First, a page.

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    Dutch Prime Mark Rutte adjusts his glasses during a press conference at the Erasmus University in Rotterdam, Netherlands, Monday, March 13, 2017

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    A Eurosceptic party ‘Forum for Democracy’ could emerge second following elections in the Netherlands, exit poll data suggests. The ruling coalition, led by Prime Minister Mark Rutte’s VVD party, expected to weaken position. Sputnik has discussed the elections in the Netherlands with Dutch journalist Joost Niemoller.

    Sputnik: What’s your take on the exit poll results? Were they expected?

    Joost Niemoller: It was expected that it would be big, but it looks now that the Forum for Democracy is actually the biggest party now in the Netherlands and that is something that nobody really expected. It’s a very complicated system what we are talking about, but in actual votes they are the biggest right now. No, this is not expected; and this is something a lot of people are either angry or very happy about.

    Sputnik: And what is the rationale behind the optic of the anti-EU populism in the latest local elections? Is it all down to immigration, or are there other factors and facets that have to be considered here as well?

    Joost Niemoller: No, it’s more than that. The leader, Thierry Baudet, has for the last months done a very strong debate in the Dutch Parliament about this climate change talk, and also the government made a turn to the left and wanted to make new measures for climate change or against climate change. And it means that normal Dutch people have to pay a lot for all those new things which will come up, for example isolating their houses, making new prompts. It’s said officially that the discussion about climate change is over, that the scientists settled etc.; but Thierry Baudet made it very clear that the discussion isn’t over at all, and he was very good with facts about it. So, a lot of people in the Netherlands were beginning to doubt and were thinking whether it is really worth paying so much because costs are rising at the moment for people — energy costs, for example. So, it’s all about that the government said we have to go away with the gas energy and the problem is that everything will be coming out of other sources of energy and it’s forbidden to do it with nuclear energy. So the only things left are wind and solar energy and things like that; and the scientists know that it’s not possible to get good energy from that. So, it will be a total disaster; and this point was made very clear by Thierry Baudet. And you can see in the polls that much more people are convinced that we don’t want to go in that direction.

    Sputnik: Obviously, there’re many factors with regard to why we’ve seen this rising in the population; and, obviously, we’ve had this incident on Monday, the shooting on the tram in Utrecht which has obviously factored in the surge of anti-EU populism. What’s your particular take on the recent surge? Has it all been about this event that happened on the tram, the shooting, or, notwithstanding what you’ve said in the previous answer, this has been underlined for a period of time now?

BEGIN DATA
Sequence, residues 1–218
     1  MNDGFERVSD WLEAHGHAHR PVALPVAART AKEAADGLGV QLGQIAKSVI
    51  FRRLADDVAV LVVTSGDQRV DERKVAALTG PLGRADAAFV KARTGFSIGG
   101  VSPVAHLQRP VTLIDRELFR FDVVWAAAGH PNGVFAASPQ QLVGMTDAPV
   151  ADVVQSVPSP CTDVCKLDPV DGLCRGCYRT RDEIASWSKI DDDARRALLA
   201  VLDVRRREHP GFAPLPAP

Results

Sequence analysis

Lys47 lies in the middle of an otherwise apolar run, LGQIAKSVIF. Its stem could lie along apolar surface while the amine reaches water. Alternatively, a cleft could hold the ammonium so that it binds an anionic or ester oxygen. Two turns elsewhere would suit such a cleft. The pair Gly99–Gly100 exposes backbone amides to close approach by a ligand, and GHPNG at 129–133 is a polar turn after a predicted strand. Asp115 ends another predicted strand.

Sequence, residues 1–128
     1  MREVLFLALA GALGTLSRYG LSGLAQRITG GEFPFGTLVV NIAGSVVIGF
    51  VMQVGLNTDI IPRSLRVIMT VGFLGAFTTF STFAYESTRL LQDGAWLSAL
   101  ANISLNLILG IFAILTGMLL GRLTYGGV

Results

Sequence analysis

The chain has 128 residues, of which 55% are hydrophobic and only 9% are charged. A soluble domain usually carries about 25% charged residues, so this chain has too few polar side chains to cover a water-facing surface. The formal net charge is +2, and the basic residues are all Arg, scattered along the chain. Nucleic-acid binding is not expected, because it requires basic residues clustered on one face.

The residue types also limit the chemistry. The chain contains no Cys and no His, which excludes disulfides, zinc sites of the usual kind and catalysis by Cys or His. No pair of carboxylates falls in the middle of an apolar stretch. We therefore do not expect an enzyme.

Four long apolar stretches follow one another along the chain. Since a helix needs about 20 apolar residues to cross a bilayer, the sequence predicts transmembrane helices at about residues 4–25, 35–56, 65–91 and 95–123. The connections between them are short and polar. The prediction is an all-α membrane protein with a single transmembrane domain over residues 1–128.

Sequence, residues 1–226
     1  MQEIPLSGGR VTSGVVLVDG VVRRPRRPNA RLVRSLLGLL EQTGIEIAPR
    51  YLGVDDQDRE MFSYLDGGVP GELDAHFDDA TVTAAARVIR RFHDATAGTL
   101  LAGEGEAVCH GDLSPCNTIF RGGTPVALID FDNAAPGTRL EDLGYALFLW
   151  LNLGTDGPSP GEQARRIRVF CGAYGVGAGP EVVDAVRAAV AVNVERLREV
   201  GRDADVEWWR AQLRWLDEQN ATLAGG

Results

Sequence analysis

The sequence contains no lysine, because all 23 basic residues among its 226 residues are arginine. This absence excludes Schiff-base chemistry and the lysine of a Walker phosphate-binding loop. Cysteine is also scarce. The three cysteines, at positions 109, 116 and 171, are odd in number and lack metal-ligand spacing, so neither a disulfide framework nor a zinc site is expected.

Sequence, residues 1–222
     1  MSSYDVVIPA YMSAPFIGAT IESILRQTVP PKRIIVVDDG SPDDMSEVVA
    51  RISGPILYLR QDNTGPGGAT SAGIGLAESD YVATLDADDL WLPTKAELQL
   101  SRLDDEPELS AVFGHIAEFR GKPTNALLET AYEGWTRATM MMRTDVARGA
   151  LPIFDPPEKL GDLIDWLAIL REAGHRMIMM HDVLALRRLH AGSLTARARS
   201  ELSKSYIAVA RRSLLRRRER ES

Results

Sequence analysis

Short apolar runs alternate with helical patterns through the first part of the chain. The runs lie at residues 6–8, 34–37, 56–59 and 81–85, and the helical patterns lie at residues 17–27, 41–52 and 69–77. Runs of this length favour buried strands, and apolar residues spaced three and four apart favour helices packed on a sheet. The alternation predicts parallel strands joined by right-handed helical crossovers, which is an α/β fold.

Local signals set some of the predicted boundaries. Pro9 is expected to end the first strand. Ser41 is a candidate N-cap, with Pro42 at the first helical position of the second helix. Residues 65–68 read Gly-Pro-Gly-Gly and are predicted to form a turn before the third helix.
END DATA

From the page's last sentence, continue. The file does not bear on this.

Joost Niemoller: Yes, it’s gone on for a long time. It’s official now that the attack in the tram was a terrorist attack; there was a lot of discussion about that before, but that’s now official. That’s been part of discussion because a lot of the other parties said “we stop the campaign for a day”; and Thierry Baudet didn’t want to stop that and lots of people were angry about it. That’s one point. But there has been some research done about the voting and by far most people said it didn’t have an effect on the way they voted; but that doesn’t mean that it didn’t, because people can say that it didn’t have an effect but still it could have an effect. And I think a lot of people are also angry [about] why this person who was on a list and who has been in jail and was set free for no good reasons, why this could happen etc. So, this discussion is a very lively discussion. Personally, I don’t think the effect of this attack is the real reason for the big success of the Forum because, it sounds a bit cynical, but the attack wasn’t big enough. I mean, there were three deaths.

    Sputnik: Just the final question. Mark Rutte’s party is likely to retain its majority in the Senate, although by a smaller majority. What does this say about the society’s support for the party and its policies? And what parties is he likely to team up with to form a ruling coalition? I’ve actually got a quote from Rutte when he is talking about the future makeup of the next government. “We are going to have to get to work,” Rutte told supporters. “We have to talk with other parties so we can continue to lead this country well.” We do know, I mean there’s precedent with hung parliaments in the UK, and Germany, and Italy, when there is a hung parliament and the separate parties controlling the governance of the country, then there sort of begins a malaise in the country in itself; it’s never easy to govern a country because of the limitations of lawmaking. So, this doesn’t look on the face of it a good thing for the future of the Netherlands, does it?

    Joost Niemoller: You are absolutely right about this. The whole way this government will be going through will be very muddy. Firstly, there will be no real direction; and there’s also a problem with Mark Rutte because he is actually the leader of a right-wing party and people who vote for him are pretty angry about this whole new thing about not doing very much about immigration and not doing too much about the climate change cost which will go to the people. And so, this problem will become even worse.

    The views and opinions expressed by the speaker in this article do not necessarily reflect those of Sputnik.

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